• Dark Star



    Released by: VCI Entertainment
    Released on: November 6, 2012.
    Director: John Carpenter
    Cast: Brian Narelle, Dre Pahich, Cal Kuniholm, Dan O’Bannon
    Year: 1974
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    The Movie:

    Everyone has to start somewhere, right? Even established genre stalwarts like director John Carpenter and writer Dan O'Bannon had to cut their teeth before hitting the big time. Originally shot as a student film at USC, Dark Star is the result of that collective teeth cutting, an interesting and entertaining picture that shows much of the promise we know was to come, but not on the level of those projects that would make them ‘big names.' Parts of it work really well, parts of it not so well, but it's obvious that both men learned from what they did here and the film's sense of humor is consistently entertaining.

    Set in the future, the film follows the crew of the titular space ship who has been sent out into space ahead of some massive colony ships in hopes of finding a planet unsuitable for hosting human life and to destroy them. Twenty years of this seemingly endless voyage has started to take its toll on the crew, however, and things start to fall apart when their commanding officer is accidently electrocuted. It gets worse from there - the cabin depressurizes and the surviving crew is forced to live in the food storage, shortly after which the ship's supply of toilet paper goes up in flames. To stay sane, Sergeant Pinback (Dan O'Bannon) has taken to chasing around the ship's adapted alien for fun.

    When they eventually find a planet to blow up, the ‘smart bombs' they send out to do the work for them don't really cooperate, and instead Bomb #20 turns its sights on the Dark Star itself. If they want to make it out of this situation alive, Lt. Doolittle (Brian Narelle) will have to have a philosophical debate and convince the bomb not to blow them up.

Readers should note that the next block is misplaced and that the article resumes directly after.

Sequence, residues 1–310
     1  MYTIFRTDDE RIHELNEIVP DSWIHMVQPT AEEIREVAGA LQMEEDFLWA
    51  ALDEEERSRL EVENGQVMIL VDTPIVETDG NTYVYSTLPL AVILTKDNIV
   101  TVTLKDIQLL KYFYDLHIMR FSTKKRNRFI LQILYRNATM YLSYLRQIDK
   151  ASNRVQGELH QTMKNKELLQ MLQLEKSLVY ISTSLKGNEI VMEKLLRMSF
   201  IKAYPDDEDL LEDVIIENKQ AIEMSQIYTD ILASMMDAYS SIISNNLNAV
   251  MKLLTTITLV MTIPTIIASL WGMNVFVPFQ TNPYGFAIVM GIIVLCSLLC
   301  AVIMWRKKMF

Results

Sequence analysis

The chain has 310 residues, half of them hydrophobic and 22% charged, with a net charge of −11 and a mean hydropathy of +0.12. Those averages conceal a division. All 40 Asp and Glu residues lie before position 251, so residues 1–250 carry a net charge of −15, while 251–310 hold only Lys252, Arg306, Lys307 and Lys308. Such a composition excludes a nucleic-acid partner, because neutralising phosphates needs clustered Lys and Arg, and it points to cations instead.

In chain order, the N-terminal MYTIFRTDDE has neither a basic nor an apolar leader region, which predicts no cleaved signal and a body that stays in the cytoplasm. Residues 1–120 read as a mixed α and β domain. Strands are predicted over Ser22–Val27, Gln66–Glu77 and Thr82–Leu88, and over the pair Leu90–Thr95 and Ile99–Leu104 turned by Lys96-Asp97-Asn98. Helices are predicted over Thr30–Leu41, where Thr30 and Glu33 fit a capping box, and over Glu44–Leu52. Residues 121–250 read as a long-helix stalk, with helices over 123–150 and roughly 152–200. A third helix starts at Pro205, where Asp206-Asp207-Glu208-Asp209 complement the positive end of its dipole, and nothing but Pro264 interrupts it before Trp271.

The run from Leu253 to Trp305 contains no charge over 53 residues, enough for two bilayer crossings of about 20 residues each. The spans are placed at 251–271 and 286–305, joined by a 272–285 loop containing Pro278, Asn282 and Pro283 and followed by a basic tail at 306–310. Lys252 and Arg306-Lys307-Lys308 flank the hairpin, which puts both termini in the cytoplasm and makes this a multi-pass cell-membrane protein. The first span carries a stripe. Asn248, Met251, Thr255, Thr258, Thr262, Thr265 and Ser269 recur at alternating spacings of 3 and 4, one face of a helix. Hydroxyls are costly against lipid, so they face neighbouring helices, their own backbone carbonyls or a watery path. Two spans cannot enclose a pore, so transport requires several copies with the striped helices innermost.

Funny and well paced, Dark Star isn't for the serious science fiction fan, but it is a good send up of a lot of the genre's clichés and overused formulaic plot devices. The film's low budget shots in the optical effects and the wardrobe but if nothing else it's got some heart to it. Carpenter and O'Bannon are obviously having a good bit of fun with this project and there not only times where that shines through but where it's infectious as well. The cast do a fine job with the material, playing everything as straight as they need to in order to make it work, while Carpenter's score adds enough atmosphere and quirk to the picture to help things out here and there. The plot is screwy and goofy and it doesn't really amount to very much but the movie is a fun one so long as you don't expect to have to take it too seriously. It is, as O'Bannon notes in his opening text introduction to the picture, meant to be funny after all.

    Note: There are two versions of this movie. As most Carpenter fans are aware, Dark Star was originally made as a 68 minute student film. Producer Jack Harris saw the picture and convinced Carpenter and O'Bannon to add another fifteen minutes of footage to make it feature length, and that longer version was to theaters in 1975 through Bryanston Pictures. Some of the additions to the longer cut include the meteor storm scene, a scene that takes place in the crew's living quarters and a scene where Doolittle treats us to a musical number. Opinions obviously vary as to which version is preferable. The past two disc DVD special edition included both cuts (the theatrical cut on disc one and the original cut on disc two) but this Blu-ray disc includes only the longer version.

    Video/Audio/Extras: